Tony Blair has pledged to push on with NHS reforms, predicting the changes offer the "best chance" of delivering a stronger, more effective service.
At a meeting with local NHS bosses, he admitted that some parts of the service faced big challenges.
But he said most trusts did not face financial problems, and most people's experience of the NHS was positive.
NHS trusts have announced the loss of nearly 7,000 jobs in recent weeks, and a new report predicts 100,000 could go.
Mr Blair said over half of the predicted NHS deficit had been run up by 7% of trusts.
"In many circumstances what is being exposed are problems that have built up over a considerable period of time, and frankly it is time we dealt with them."
He said Labour had overseen many improvements in the health service, including failing waiting lists and times, and better cancer and heart care.
But he added: "Despite all of that there is a real challenge for certain of the trusts, and for the system as a whole, as we introduce what is effectively a re-engineering of the whole system of the NHS in order to put the patient at the centre of it, and to introduce proper financial disciplines and accountability."
Mr Blair's intervention comes as centre-right think-tank Reform warned NHS changes will lead to a 10% cut in staff.
Its report said the health service has focused on increasing the quantity of staff rather than the quality in recent years.
And Reform predicts the results of changes such as a move away from hospital-based care would be a 10% reduction in staff, which - with a workforce of 1.3m - would mean a further 100,000 job cuts.
Report author Professor Nick Bosanquet said: "The right change in strategy will be achieved by the government's highly welcome reform programme.
"The result will be a smaller NHS workforce with higher professionalism, morale and job satisfaction."
Unions rejected the idea, saying it was "ridiculous to suggest that with fewer staff we would all enjoy better patient care".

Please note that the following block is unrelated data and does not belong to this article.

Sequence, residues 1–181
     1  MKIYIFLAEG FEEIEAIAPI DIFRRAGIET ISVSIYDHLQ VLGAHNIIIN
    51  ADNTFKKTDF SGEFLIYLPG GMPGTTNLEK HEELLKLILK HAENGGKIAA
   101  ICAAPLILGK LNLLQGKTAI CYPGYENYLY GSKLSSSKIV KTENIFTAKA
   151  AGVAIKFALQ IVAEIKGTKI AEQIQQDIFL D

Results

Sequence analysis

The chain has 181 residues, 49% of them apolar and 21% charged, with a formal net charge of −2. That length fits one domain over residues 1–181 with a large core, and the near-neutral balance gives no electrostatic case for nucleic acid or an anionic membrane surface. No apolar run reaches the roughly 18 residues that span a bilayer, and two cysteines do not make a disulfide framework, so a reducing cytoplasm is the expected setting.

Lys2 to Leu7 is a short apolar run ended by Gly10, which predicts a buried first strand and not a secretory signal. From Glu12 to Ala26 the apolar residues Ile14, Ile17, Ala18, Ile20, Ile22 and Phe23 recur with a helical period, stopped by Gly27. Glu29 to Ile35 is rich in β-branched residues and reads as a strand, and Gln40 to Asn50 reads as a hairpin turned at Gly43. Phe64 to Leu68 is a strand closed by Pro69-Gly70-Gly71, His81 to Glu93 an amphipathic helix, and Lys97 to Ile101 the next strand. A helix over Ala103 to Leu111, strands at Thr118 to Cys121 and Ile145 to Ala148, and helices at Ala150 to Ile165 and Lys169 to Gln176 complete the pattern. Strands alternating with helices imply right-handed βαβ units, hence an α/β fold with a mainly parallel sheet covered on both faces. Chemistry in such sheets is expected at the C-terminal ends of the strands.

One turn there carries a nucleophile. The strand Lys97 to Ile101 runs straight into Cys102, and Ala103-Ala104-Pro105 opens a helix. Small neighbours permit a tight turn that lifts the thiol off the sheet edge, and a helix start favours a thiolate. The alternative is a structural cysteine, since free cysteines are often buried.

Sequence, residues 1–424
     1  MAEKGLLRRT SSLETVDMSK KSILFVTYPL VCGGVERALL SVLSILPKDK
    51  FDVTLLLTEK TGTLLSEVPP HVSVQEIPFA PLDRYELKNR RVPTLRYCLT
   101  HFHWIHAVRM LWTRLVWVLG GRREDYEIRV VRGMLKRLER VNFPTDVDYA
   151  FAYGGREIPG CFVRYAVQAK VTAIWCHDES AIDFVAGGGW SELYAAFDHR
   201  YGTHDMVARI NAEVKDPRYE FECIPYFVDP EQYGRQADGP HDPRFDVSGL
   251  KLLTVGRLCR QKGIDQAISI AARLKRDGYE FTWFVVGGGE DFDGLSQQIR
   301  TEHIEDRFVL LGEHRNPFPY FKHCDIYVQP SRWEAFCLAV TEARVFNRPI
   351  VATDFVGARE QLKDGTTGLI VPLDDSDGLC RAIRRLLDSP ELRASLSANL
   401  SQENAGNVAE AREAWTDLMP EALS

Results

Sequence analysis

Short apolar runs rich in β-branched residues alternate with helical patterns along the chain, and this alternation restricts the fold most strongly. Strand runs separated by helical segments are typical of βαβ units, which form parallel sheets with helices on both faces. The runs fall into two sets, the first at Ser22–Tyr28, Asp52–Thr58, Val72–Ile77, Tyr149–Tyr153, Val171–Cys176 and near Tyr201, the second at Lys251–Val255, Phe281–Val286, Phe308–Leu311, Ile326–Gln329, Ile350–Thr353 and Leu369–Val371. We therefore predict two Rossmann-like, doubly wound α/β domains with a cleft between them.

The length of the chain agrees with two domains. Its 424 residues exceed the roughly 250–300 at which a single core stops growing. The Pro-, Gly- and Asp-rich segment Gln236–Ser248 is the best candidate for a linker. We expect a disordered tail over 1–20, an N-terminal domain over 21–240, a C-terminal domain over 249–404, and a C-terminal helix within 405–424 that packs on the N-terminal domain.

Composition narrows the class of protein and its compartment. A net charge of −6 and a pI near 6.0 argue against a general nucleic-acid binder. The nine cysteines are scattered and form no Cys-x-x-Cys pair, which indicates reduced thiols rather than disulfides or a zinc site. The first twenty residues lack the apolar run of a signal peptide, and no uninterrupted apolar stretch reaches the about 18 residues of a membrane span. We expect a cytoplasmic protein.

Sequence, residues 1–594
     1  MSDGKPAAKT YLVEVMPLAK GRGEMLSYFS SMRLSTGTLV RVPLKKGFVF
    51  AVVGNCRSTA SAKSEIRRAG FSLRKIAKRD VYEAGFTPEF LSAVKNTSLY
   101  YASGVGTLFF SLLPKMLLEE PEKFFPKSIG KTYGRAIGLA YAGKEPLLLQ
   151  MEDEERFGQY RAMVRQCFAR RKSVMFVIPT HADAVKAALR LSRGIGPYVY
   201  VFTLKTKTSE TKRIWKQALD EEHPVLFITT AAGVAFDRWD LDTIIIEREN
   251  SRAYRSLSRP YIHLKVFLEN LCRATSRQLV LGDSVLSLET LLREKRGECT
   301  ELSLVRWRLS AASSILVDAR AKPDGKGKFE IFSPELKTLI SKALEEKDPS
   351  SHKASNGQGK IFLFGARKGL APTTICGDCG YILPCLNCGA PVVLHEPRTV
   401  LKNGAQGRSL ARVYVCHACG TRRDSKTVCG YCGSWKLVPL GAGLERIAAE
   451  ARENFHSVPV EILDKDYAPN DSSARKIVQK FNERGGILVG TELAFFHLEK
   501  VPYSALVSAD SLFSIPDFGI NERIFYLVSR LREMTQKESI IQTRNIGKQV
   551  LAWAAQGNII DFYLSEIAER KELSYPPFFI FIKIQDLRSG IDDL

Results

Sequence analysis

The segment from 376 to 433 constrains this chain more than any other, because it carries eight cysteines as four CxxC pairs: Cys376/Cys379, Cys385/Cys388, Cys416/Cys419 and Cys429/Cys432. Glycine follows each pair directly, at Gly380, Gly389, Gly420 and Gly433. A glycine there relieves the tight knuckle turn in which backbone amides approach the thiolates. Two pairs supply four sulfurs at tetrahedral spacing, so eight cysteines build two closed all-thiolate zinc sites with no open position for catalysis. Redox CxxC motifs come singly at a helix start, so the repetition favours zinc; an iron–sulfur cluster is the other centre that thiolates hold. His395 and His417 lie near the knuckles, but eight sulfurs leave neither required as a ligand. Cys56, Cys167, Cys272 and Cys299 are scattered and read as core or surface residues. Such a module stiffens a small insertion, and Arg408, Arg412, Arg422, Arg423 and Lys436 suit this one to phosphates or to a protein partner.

Health Secretary Patricia Hewitt said some of the ideas such as more flexibility made sense but she rejected the 100,000 job cut figure.
She said: "It is very important to keep this in perspective, across the NHS we are talking about a deficit of around 1%.
"As our reform programme beds down, some parts of the NHS will probably reduce staff but other areas, for example in primary care, will probably expand as more services are delivered closer to the patient and outside hospitals."
Nigel Edwards, director of policy at the NHS Confederation, agreed some job cuts were necessary as part of the reforms.
But he added that was not the "full story" as some hospitals had found themselves in a financial hole in trying to keep up with government targets.
"The quickest way to meet A&E targets or waiting time targets is to increase the level of staff, but the funding is not always there and that is what has happened in some cases."
Shadow health secretary Andrew Lansley said the government had "lost control of finances", and accused ministers of "disastrous management of the NHS".
"It is perfectly clear that the government have allowed there to be a dramatic increase in the number of administrators in the NHS, without a commensurate increase in the overall quality of management."
And Liberal Democrat health spokesman Steve Webb also criticised the government, claiming "money is being wasted on a costly and damaging permanent revolution in the health service".
Niall Dickson, chief executive of the independent think-tank King's Fund said: "The NHS is not in crisis - there have been real achievements over the last few years, but it is in danger.
"The priority for the government must be to sort out the financial turmoil, that means tackling long standing issues in some local services that should have been sorted years ago and getting a much tighter grip on costs."